5. The Fruits of Meditation


Published on Kung Kao Po, Chinese Catholic Weekly, on 2nd August, 2020








Some meditators come to join meditation groups, expecting to learn some relaxation skills in order to relieve certain stress in their lives. When we focus on our mantra, these results are indeed being brought about; however, does it end at such a stage?

Meditation opens up our inner being entirely to the Holy Spirit dwelling in our heart. Being a deep prayer, meditation enables us keep up with our connection with the precious tradition from the Desert Fathers and Mothers whose focus was in God. Hence for this church tradition once lost, can then be carried on and be known to our future generations, revealing God’s glory.

The late Father Sean Burke MM, the founder Spiritual Advisor of the Hong Kong meditation community, incisively pointed out that the greatest benefit derived from meditation is to let us taste God’s unreserved love for us. As quoted by Fr. Sean, God is “the Hound of Heaven”. Before we ever search for God, God had already searched for us. This mystical experience first cultivates our thirst for God with a pure and childlike heart, purifying our heart to establish a close and intimate relationship with Him, experiencing the kingdom of God.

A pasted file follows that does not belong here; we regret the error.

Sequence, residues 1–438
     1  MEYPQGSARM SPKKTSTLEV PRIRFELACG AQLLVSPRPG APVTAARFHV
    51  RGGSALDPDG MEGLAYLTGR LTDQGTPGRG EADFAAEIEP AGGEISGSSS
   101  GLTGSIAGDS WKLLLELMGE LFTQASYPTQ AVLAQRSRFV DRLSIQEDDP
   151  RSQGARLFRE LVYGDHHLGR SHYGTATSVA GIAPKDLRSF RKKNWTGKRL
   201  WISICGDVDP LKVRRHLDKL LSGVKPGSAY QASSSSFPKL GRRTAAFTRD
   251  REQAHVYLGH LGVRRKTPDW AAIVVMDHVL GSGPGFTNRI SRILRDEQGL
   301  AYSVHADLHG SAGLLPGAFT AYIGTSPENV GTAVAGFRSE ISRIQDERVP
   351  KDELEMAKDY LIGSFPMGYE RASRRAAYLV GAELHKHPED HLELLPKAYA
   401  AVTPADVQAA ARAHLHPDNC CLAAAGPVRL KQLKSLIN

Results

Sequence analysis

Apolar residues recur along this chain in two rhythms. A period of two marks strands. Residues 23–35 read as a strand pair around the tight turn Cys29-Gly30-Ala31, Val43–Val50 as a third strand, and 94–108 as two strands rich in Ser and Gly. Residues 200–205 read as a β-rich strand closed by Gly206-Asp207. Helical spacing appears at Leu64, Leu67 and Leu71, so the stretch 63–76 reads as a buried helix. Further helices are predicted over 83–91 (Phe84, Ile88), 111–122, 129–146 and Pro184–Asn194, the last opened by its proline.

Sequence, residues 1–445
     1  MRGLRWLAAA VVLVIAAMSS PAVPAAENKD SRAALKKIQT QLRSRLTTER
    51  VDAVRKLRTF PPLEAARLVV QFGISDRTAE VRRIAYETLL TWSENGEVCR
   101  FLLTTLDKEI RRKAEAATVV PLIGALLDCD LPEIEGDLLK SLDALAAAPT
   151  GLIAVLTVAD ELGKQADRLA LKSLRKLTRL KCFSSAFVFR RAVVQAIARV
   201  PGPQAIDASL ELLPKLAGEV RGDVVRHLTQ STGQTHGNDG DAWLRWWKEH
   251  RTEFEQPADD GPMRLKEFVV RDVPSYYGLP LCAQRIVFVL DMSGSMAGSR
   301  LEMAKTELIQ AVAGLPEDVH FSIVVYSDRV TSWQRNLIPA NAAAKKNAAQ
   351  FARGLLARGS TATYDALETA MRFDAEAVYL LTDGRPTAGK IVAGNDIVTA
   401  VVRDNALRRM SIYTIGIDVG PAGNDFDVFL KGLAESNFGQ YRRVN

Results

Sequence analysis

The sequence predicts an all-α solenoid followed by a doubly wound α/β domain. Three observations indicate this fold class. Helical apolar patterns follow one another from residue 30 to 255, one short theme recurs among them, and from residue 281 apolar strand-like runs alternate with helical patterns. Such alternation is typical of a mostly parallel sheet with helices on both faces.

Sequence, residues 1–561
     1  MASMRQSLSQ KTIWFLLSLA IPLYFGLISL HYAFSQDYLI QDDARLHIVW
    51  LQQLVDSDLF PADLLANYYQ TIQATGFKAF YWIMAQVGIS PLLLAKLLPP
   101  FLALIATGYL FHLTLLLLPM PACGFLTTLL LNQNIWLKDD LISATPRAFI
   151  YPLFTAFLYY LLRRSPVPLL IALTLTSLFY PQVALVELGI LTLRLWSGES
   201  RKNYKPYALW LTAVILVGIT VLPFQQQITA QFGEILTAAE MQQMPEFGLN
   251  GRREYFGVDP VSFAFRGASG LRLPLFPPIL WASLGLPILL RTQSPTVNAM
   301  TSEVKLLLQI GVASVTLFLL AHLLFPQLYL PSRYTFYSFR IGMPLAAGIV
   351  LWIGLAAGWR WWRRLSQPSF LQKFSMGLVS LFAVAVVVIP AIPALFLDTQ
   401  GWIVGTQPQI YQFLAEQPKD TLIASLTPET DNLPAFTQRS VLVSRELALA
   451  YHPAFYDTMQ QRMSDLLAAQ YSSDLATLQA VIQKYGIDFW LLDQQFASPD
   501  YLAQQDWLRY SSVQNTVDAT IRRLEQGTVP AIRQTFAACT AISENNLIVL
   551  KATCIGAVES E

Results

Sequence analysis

In this way we could learn to face the various challenges of life, even with social turbulence, the impermanence and abrupt changes of life, such as those relating our health, human relationship and others. In this way while we face the ups and downs of life, we may become calm in dealing with drastic changes without being frightened.

Our regular and constant meditation enables us maintain a close relationship with God so that we can learn to depend on God in good and bad times with God as our first priority in life. Hence our prayer “Maranatha” will become a powerful call of love, enriching our own “being”, bringing to us total changes of the contemplative elements which ultimately transform our life.

The relative effects are best described by St. Paul in His Epistle to the Galatians (Gal 5:22): "Charity, joy and peace, patience, understanding of others, kindness and fidelity”. Gradually our heart will be filled with the presence of Christ, having the capacity to go into the consciousness of Christ so the mind of Christ becomes ours.


The weekly meditation group performs an important role in this relevant transformation. Through gathering and praying together, we give mutual encouragement and support to each other, create the community connection, reflect the reality of loving oneself, love our neighbors and loving God.


by Lina Lee, Hon Member, The World Community for Christian Meditation (Hong Kong)

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